Think about how online ephemeral events have been discussed until now. In a December 2016 article in The Guardian, journalist Carole Cadwalladr lamented that the online messages displayed to UK citizens just before the June 2016 Brexit referendum were inaccessible — lost forever. “That’s gone,” she wrote. “There’s no record. It wasn’t — couldn’t be — captured. It can’t be studied. We’ll never know.”
Similarly, the antitrust actions brought against Google by the EU, Russia, India, and the U.S. have sometimes been based on relatively small amounts of data collected using indirect methods. But what if an ecosystem of passive monitoring software of the sort my team and I deployed in 2016 was implemented worldwide to keep an eye on what tech companies were showing people? What if such a system were running around the clock, with data analyzed and interpreted in real-time by smart algorithms aided by smart people? What if evidence of undue influence in elections or of other kinds of unethical or illegal machinations were shared on an ongoing basis with journalists, regulators, legislators, law enforcement agencies and antitrust investigators?
Such a system could help to preserve the free-and-fair election and perhaps even protect human freedom.
In the spring of 2017, I began working with prominent academics and business professionals to develop large-scale systems devoted to monitoring ephemeral online information. Google, Facebook and other companies monitor us to an almost obscene degree; isn’t it time that we, the people, begin monitoring them? Why should we have to keep guessing about the shenanigans of Big Tech companies when we can view and archive exactly what they are showing people?
With monitoring systems in place, we will know within minutes whether Mr. Zuckerberg is sending go-out-and-vote reminders to supporters of just one candidate. We will also be able to detect and preserve political censorship in newsfeeds and online comments, favoritism in search results and search suggestions, sudden demotions in search rankings, the blocking of websites, shadowbanning on Twitter, selective suppression of advertisements, the proliferation of Russian-sponsored ads and news stories, and the sometimes bizarre answers provided by new devices like Amazon Echo and Google Home — not to mention dirty tricks no one has identified yet. (Many will be captured in our archives and detected later.)
Because technology is evolving so rapidly these days, the usual regulatory and legislative mechanisms have no way of keeping up. Aggressive monitoring systems will not only be able to keep pace with the new technologies, they might even be able to keep a step ahead, scanning the technological landscape for irregularities and exposing thuggish behavior before it can do much damage.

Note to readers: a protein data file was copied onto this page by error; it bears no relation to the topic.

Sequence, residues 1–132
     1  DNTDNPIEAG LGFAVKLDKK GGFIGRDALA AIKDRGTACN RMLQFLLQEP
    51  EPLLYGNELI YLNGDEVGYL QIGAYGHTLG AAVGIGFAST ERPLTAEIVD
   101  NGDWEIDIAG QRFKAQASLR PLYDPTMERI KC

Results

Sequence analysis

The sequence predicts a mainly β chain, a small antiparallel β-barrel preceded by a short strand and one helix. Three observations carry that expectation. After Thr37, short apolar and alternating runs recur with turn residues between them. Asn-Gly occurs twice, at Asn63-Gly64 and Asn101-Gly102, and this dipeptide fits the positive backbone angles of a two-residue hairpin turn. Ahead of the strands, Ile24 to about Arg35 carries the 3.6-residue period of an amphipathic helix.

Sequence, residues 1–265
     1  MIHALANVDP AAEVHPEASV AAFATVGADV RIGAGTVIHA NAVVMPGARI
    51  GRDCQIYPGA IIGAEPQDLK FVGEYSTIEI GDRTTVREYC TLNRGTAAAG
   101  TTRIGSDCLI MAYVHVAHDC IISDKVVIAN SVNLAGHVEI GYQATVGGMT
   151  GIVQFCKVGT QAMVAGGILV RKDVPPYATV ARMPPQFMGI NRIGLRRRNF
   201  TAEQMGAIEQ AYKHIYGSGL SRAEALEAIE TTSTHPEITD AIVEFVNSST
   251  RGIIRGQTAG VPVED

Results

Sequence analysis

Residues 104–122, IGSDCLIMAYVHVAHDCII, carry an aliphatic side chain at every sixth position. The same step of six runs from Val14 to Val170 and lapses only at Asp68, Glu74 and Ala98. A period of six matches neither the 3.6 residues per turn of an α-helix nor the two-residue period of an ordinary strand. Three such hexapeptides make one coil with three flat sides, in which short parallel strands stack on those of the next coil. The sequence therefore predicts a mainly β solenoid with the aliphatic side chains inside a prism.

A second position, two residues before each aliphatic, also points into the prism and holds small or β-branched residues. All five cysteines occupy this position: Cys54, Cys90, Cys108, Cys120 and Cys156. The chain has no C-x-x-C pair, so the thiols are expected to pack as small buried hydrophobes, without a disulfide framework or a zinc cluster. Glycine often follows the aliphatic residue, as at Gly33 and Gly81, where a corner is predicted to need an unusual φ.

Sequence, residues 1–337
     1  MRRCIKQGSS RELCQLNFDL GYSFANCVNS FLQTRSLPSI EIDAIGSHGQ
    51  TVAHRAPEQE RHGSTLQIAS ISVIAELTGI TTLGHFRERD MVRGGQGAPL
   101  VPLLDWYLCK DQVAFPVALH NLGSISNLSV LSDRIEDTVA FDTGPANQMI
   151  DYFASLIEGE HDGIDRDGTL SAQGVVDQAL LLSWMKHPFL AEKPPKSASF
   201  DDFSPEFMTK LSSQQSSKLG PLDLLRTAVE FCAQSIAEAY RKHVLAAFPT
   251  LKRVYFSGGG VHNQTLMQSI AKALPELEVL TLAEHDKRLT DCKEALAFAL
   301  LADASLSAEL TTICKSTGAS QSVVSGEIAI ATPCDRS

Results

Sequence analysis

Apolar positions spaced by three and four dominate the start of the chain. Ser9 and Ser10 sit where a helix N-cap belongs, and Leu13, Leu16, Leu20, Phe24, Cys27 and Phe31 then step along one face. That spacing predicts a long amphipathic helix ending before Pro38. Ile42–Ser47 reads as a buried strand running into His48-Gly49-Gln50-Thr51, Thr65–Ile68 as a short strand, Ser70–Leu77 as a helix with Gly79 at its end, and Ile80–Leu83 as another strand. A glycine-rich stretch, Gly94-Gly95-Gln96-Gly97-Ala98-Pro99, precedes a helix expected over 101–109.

There’s another possibility too: If executives at the Big Tech companies know their algorithmic output is being tracked, they might think twice about messing with elections or people’s minds.
As U.S. Supreme Court Justice Louis D. Brandeis noted in 1913, “Sunlight is said to be the best of disinfectants,” which is why we call our current organizational efforts sunlight projects.
I have become increasingly concerned about these issues because in the short period since SEME was discovered (in 2013), I have already stumbled onto other dangerous and largely invisible new forms of influence — the Search Suggestion Effect (SSE), the Answer Bot Effect (ABE), the Targeted Messaging Effect (TME), and the Opinion Matching Effect (OME), among others. Effects like these might now be impacting the opinions, beliefs, attitudes, decisions, purchases and voting preferences of more than two billion people every day.
How many new forms of influence has technology made possible in recent years that have not yet been discovered, and what will the future bring?
You might have noticed lately that more and more prominent people — among them, Barak Obama, Facebook co-founder Sean Parker, right-leaning journalist Tucker Carlson, controversial former White House adviser Steve Bannon, left-leaning billionaire George Soros, Twitter co-founder (and founder of Medium) Evan Williams, tech entrepreneur Elon Musk, and World Wide Web inventor Sir Tim Berners-Lee — have been expressing their concerns about the power that Big Tech platforms have to control thinking on a massive scale. An ecosystem of passive monitoring software might prove to be the most effective way of finally making these companies accountable to the public, both now and in the foreseeable future.
Without such systems in place to protect us, two billion more people will be drawn into this Orwellian web within the next five years, and the recent proliferation of home assistant devices, as well as the rapidly expanding internet of things — projected to encompass 30 billion devices by 2020 — will make new forms of mind control possible that we cannot now even imagine.
If you are concerned about these possibilities and would like to support our efforts to protect humanity from the technological oligarchy that now dominates our lives and the lives of our children, please get in touch.
Robert Epstein (@DrREpstein) is Senior Research Psychologist at the American Institute for Behavioral Research and Technology in California. A Ph.D. of Harvard University, Epstein is the former editor-in-chief of Psychology Today and has published 15 books and more than 300 articles on artificial intelligence and other topics. He is currently working on a book called Technoslavery: Invisible Influence in the Internet Age and Beyond.